Eliver Ghosn, PhD

Researcher

Emory Vaccine Center

Assistant Professor

Emory University School of Medicine/Lowance Center for Human Immunology

Office: 1760 Haygood Dr NE Atlanta, GA 30322

Phone: 404-712-3211

Email: eliver.ghosn@emory.edu

Additional Contact Information

Additional Websites

Biography

The Ghosn lab studies the development and function of the mammalian immune system at a single-cell level. Our goal is to understand the differences between the immune cells that develop preferentially in fetal, neonatal, and adult life, and determine the functional impact of these differences in promoting host immunity and immunopathology. 

We apply high-dimensional single-cell technology as a systems immunology approach to study the development and function of the primitive immune system, in both humans and mice. The primitive immune system includes tissue-resident lymphoid and myeloid cells that develop early in fetal life and persist throughout adulthood. These fetal-derived immune cells play key roles in maintaining homeostasis and also in vaccine response, cancer, and (auto)immune-disorders.

Our studies employ and drive the frontiers of high-dimensional (19+ parameter) flow cytometry and RNA-sequencing technologies to isolate, characterize, and transplant single immune and stem cells from both fetal, neonatal and adult tissues. Our recent findings on hematopoietic stem cell (HSC) transplantation challenges the current paradigm by showing that HSC transplantation fails to fully regenerate all components of the immune system. In essence, we show that tissue-resident innate-like B lymphocytes and macrophages develop during fetal life independently of the HSCs. These findings introduce a novel concept of HSC-independent fetal hematopoiesis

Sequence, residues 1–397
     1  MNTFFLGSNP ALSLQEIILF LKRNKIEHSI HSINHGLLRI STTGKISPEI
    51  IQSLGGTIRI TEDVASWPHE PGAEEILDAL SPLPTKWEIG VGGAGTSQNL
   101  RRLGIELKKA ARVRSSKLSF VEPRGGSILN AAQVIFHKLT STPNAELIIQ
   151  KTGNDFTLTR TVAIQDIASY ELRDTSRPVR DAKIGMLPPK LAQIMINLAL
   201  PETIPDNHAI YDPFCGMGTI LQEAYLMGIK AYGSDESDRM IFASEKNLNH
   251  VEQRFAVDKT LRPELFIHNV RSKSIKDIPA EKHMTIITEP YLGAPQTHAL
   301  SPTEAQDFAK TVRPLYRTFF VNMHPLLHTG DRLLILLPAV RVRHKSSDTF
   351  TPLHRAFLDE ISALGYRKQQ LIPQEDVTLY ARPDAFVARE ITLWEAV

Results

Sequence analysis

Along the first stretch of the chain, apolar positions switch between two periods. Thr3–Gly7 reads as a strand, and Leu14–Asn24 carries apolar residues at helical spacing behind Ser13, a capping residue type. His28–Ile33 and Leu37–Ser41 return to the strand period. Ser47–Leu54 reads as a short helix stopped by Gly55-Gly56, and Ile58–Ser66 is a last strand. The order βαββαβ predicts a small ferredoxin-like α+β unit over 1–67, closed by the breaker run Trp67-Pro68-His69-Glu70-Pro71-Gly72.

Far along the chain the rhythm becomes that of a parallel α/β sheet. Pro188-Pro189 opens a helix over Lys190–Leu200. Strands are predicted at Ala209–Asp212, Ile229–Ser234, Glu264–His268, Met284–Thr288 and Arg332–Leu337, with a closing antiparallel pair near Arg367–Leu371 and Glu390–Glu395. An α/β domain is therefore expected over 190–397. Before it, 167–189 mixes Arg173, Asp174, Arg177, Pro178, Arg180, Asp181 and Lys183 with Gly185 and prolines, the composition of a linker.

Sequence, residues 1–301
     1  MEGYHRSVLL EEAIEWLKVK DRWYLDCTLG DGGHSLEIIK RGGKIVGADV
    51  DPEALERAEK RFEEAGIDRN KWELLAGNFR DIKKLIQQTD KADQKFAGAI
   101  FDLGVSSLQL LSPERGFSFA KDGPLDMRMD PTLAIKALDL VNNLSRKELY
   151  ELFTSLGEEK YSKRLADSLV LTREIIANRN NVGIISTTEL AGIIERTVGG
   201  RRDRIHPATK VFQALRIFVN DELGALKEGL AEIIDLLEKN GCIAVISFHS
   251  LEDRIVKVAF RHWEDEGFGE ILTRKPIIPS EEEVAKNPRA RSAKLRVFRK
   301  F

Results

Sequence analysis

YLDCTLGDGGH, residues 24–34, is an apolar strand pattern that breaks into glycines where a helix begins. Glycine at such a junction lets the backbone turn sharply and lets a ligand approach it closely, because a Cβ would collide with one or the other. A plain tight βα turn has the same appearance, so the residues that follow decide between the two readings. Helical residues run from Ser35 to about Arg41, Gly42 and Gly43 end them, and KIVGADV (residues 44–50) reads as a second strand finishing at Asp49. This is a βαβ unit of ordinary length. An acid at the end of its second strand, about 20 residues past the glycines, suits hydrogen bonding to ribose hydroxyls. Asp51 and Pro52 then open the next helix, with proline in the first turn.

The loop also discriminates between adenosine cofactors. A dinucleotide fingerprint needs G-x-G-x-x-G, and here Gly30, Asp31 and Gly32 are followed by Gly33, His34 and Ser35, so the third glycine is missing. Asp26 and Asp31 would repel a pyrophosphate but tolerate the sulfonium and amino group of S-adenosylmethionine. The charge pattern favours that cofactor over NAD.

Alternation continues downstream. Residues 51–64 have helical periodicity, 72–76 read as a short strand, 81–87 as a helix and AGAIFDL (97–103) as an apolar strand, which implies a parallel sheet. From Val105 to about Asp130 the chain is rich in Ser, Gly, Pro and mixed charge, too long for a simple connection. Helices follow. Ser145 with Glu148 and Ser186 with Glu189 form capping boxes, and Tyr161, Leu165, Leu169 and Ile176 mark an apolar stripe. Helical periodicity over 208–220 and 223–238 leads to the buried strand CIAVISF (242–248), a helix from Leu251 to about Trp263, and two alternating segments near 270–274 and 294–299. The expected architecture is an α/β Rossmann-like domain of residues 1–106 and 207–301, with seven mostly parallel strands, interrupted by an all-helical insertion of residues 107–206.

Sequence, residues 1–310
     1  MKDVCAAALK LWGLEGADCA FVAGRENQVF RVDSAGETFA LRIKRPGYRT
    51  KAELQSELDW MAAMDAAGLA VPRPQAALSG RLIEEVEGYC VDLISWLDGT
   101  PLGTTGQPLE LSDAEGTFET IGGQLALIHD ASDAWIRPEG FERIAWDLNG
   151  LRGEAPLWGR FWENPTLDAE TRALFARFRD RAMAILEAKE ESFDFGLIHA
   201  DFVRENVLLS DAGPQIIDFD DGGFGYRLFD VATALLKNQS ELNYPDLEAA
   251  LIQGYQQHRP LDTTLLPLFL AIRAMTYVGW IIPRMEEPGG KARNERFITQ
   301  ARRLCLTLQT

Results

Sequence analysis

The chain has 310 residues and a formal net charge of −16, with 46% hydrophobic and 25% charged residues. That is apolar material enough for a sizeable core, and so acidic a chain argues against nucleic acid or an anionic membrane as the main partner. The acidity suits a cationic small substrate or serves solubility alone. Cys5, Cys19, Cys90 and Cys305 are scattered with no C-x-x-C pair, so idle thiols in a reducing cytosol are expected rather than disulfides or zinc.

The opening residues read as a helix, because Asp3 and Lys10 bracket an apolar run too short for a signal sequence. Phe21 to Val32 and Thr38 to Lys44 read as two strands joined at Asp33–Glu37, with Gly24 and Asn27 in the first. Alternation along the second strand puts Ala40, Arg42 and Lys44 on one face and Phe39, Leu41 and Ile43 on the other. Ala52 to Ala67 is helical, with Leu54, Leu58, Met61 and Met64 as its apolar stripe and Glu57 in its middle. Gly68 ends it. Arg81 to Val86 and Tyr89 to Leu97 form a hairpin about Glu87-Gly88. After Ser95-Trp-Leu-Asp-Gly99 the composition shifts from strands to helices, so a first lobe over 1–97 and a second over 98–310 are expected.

We expect our studies to provide new insights into the development and function of the human immune system in infants and adults and impact the development of new vaccines that are targeted to either children or adults. In addition, the results from our studies will shed light on the mechanisms that lead to autoimmunity and other hematological disorders (leukemia/lymphoma, immunodeficiency, etc.) that predominate at different developmental ages.

Please, visit our lab website for more information on our current research and to meet the members of our team: www.ghosnlab.science